Under-slab insulation (fitted or fixed below a concrete slab) is a legitimate coordination item. Typically it is installed first on site, so other trades and services must fit in around it.
This means it needs to be modelled by someone, which can be a headache in Revit. The slab soffit (underside of slab) often moves up and with concrete beams and pads. If you have access to editing the structural model, you may look for a way to incorporate slab insulation into the floor items themselves. However, this still does not work well for the vertical faces of a slab setdown.
To solve these, I created two families:
A line-based, face-based Generic Model family that can be simply placed and stretched
A 4-point adaptive component for irregular shapes. After placement, the four corners can be selected and moved into place.
Quote: “The Mechanical Contractors Association of America (MCAA), in a tripartite project with the Sheet Metal and Air Conditioning National Association (SMACNA) and the National Electrical Contractors Association (NECA), has published Achieving Spatial Coordination Through BIM – A Guide for Specialty Contractors. Dubbed “the Guide”, the publication was conceived, developed, and published to help MEP contractors negotiate one of the most challenging issues in the modern construction industry: how to best reconcile and incorporate leading edge technologies and processes into their projects’ spatial coordination efforts. Click here to get more information and download the Guide.
Lessons learned by early BIM adopters like MCAA BIM Committee Chairman Steve Shirley (University Mechanical & Engineering Contractors) and fellow members of MCAA’s BIM Committee members were combined to develop a set of best practices and proven, how-to information. The result is a guide that will help contractors better navigate this complex issue and make more informed business decisions about spatial coordination and BIM. It will also serve as an educational resource for their employees who must act on those decisions.” http://www.mcerf.org/news/2013/mcerf-funds-landmark-bim-publication … The purpose of this Guide is to:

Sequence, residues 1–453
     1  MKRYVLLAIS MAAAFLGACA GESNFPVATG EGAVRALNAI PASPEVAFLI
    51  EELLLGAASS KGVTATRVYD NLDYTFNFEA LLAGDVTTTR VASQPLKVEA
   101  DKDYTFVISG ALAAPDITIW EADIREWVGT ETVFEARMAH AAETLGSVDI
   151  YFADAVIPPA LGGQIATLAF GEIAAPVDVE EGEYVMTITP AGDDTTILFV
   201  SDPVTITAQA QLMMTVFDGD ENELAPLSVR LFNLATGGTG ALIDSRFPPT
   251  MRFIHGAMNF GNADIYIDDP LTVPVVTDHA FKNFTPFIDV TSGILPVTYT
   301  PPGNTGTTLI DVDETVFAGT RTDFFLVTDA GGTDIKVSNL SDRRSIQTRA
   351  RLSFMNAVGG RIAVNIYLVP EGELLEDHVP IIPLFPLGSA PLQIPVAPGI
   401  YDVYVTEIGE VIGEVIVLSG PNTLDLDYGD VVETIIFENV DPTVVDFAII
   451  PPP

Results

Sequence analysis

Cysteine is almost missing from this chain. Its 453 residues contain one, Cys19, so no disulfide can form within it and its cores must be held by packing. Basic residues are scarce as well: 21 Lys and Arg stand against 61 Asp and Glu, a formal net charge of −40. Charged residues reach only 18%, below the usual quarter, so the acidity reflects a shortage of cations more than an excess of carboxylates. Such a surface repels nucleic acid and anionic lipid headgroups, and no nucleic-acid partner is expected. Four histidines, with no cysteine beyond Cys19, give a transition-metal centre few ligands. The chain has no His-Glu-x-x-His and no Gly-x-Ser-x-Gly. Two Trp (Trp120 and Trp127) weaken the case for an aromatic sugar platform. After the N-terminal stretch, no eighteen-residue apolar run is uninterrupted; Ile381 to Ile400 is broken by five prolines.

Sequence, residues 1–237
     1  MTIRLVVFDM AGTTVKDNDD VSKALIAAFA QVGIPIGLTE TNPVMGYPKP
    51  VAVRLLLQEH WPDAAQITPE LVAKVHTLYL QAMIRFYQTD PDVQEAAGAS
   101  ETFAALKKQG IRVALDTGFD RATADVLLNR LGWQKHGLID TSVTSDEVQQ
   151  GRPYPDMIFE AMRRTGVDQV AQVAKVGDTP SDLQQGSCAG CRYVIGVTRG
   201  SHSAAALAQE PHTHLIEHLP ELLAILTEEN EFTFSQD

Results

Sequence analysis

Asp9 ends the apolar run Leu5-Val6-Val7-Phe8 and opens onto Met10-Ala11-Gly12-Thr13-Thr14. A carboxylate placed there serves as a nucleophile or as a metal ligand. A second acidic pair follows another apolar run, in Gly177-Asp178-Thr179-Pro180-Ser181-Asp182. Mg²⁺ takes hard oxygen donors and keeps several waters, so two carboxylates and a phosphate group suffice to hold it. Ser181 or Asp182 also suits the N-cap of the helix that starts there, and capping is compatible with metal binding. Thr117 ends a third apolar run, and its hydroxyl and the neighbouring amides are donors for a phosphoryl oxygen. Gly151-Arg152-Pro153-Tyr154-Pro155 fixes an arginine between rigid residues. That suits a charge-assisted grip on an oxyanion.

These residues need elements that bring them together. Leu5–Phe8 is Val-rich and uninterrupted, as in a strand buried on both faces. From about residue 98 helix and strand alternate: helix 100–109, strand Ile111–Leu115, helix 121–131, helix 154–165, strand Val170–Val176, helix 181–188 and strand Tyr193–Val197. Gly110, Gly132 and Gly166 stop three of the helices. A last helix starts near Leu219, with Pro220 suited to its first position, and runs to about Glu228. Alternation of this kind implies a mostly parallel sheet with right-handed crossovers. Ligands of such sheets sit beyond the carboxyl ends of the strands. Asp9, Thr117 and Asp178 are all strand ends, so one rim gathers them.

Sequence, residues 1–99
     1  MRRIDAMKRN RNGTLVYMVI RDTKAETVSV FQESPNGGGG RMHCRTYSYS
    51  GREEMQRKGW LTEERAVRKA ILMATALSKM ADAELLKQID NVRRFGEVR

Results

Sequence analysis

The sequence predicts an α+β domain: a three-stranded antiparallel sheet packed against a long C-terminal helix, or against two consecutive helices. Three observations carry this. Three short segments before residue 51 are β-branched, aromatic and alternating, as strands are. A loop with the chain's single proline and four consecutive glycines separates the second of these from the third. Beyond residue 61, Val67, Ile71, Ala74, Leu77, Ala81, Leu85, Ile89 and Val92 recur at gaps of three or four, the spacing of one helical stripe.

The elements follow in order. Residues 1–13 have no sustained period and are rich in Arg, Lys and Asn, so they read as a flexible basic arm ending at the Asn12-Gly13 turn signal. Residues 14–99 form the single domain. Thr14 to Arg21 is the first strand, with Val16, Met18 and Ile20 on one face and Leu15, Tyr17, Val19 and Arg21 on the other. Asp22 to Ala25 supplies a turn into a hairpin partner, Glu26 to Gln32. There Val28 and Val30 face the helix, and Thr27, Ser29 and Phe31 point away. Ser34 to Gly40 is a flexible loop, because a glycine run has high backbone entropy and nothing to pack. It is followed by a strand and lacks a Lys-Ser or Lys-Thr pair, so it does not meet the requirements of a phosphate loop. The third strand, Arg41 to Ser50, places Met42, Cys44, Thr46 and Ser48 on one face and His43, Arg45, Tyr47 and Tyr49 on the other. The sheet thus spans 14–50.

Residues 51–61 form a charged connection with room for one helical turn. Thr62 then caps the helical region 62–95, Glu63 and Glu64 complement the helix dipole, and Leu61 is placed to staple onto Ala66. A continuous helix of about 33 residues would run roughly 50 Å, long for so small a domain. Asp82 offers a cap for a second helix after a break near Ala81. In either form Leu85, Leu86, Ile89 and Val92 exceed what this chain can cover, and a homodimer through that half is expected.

Provide MEP contractors with a roadmap for implementing spatial coordination in their businesses;
Identify factors MEP contractors should consider when adopting BIM technologies;
Help MEP contractors align their spatial coordination processes with industry best practices;
Enable MEP contractors to critically evaluate emerging BIM and spatial coordination software solutions and select the solutions most suitable for their own work;
Promote collaborative and fair contract language; and
Increase MEP contractors’ profitability and reduce customers’ costs by implementing best practices that increase prefabrication, optimize systems installation, minimize or eliminate rework, shorten construction schedules, reduce waste, and produce a better result.
“on a building project that is made more efficient by VDC it is the subcontractors that have most to gain particularly when you also recognise that subcontract margins are up to seven times that of a head contractor. It makes sense really because it is the subcontractor that is actually doing the construction work.”
A new challenge faced by collaborative design teams – how to work concurrently, yet not do the same thing four times?